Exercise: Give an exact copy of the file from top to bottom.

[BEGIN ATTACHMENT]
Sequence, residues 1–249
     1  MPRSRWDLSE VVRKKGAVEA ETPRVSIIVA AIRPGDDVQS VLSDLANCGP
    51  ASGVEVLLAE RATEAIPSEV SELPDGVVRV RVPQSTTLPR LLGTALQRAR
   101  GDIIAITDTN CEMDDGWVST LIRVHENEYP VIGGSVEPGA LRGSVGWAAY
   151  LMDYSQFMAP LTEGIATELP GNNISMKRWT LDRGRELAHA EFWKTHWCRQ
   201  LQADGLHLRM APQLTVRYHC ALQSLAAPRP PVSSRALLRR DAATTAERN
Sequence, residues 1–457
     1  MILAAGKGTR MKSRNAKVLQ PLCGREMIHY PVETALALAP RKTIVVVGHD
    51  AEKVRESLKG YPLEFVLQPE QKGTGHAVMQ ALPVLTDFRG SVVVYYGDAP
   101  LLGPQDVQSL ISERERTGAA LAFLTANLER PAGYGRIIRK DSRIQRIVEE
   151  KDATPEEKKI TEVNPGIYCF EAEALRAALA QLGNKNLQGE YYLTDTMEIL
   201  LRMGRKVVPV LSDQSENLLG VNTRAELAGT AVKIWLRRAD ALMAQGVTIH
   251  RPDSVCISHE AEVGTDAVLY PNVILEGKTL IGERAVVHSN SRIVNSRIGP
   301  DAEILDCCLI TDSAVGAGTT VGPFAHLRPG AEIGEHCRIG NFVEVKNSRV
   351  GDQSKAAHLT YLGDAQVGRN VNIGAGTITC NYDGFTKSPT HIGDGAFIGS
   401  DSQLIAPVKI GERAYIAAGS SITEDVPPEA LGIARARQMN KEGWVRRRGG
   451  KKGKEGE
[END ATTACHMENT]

Sequence, residues 1–249
     1  MPRSRWDLSE VVRKKGAVEA ETPRVSIIVA AIRPGDDVQS VLSDLANCGP
    51  ASGVEVLLAE RATEAIPSEV SELPDGVVRV RVPQSTTLPR LLGTALQRAR
   101  GDIIAITDTN CEMDDGWVST LIRVHENEYP VIGGSVEPGA LRGSVGWAAY
   151  LMDYSQFMAP LTEGIATELP GNNISMKRWT LDRGRELAHA EFWKTHWCRQ
   201  LQADGLHLRM APQLTVRYHC ALQSLAAPRP PVSSRALLRR DAATTAERN
Sequence, residues 1–457
     1  MILAAGKGTR MKSRNAKVLQ PLCGREMIHY PVETALALAP RKTIVVVGHD
    51  AEKVRESLKG YPLEFVLQPE QKGTGHAVMQ ALPVLTDFRG SVVVYYGDAP
   101  LLGPQDVQSL ISERERTGAA LAFLTANLER PAGYGRIIRK DSRIQRIVEE
   151  KDATPEEKKI TEVNPGIYCF EAEALRAALA QLGNKNLQGE YYLTDTMEIL
   201  LRMGRKVVPV LSDQSENLLG VNTRAELAGT AVKIWLRRAD ALMAQGVTIH
   251  RPDSVCISHE AEVGTDAVLY PNVILEGKTL IGERAVVHSN SRIVNSRIGP
   301  DAEILDCCLI TDSAVGAGTT VGPFAHLRPG AEIGEHCRIG NFVEVKNSRV
   351  GDQSKAAHLT YLGDAQVGRN VNIGAGTITC NYDGFTKSPT HIGDGAFIGS
   401  DSQLIAPVKI GERAYIAAGS SITEDVPPEA LGIARARQMN KEGWVRRRGG
   451  KKGKEGE